Restorative Justice From Prosecutors' Perspective

33 Pages Posted: 8 Jun 2020 Last revised: 12 Oct 2020

See all articles by Lara Abigail Bazelon

Lara Abigail Bazelon

University of San Francisco - School of Law

Bruce A. Green

Fordham University School of Law

Date Written: May 11, 2020

Abstract

Restorative justice processes have been promoted as an alternative to criminal adjudication for many years outside the United States and, in recent years, in the United States as well. In the United States, restorative justice processes are used in some jurisdictions in cases involving juvenile offenders or low-level, nonviolent offenses by adults, but they have rarely been used in cases of adult felony offenders charged with serious violent crimes. Whether restorative justice processes will be used more broadly depends largely on whether prosecutors become receptive to their use. A handful of newly elected ‚Äúprogressive prosecutors‚ÄĚ have expressed interest in applying restorative justice processes in these and other kinds of felony cases involving adult defendants. But conventional prosecutors generally remain uninterested in or hostile to restorative justice, even though most accept problem-solving courts and other alternatives to prosecution and incarceration. This Article explores why mainstream U.S. prosecutors are disposed against restorative justice and suggest how their concerns might best be addressed by restorative justice proponents.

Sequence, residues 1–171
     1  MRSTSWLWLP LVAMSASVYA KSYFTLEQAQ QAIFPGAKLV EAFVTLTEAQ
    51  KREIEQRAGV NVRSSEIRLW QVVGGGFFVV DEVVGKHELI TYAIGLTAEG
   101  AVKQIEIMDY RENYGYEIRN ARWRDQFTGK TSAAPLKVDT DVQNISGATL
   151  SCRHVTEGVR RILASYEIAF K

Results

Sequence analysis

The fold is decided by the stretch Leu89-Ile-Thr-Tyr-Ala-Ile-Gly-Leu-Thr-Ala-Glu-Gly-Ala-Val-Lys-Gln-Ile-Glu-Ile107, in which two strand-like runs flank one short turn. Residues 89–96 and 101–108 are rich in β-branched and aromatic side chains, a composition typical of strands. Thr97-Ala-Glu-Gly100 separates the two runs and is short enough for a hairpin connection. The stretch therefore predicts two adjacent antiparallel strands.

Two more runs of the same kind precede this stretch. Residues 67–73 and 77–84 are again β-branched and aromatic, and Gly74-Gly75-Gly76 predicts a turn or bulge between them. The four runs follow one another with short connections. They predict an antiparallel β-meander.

Keywords: restorative justice, progressive prosecutors, civil law, criminal law, prosecution

Suggested Citation

Bazelon, Lara Abigail and Green, Bruce A., Restorative Justice From Prosecutors' Perspective (May 11, 2020). Fordham Law Review, 2020, Univ. of San Francisco Law Research Paper No. 2020-01, Available at SSRN: https://ssrn.com/abstract=3598618

Lara Abigail Bazelon (Contact Author)

University of San Francisco - School of Law ( email )

2130 Fulton Street
San Francisco, CA 94117
United States

Bruce A. Green

Fordham University School of Law ( email )

140 West 62nd Street
New York, NY 10023
United States
212-636-6851 (Phone)
212-636-6899 (Fax)

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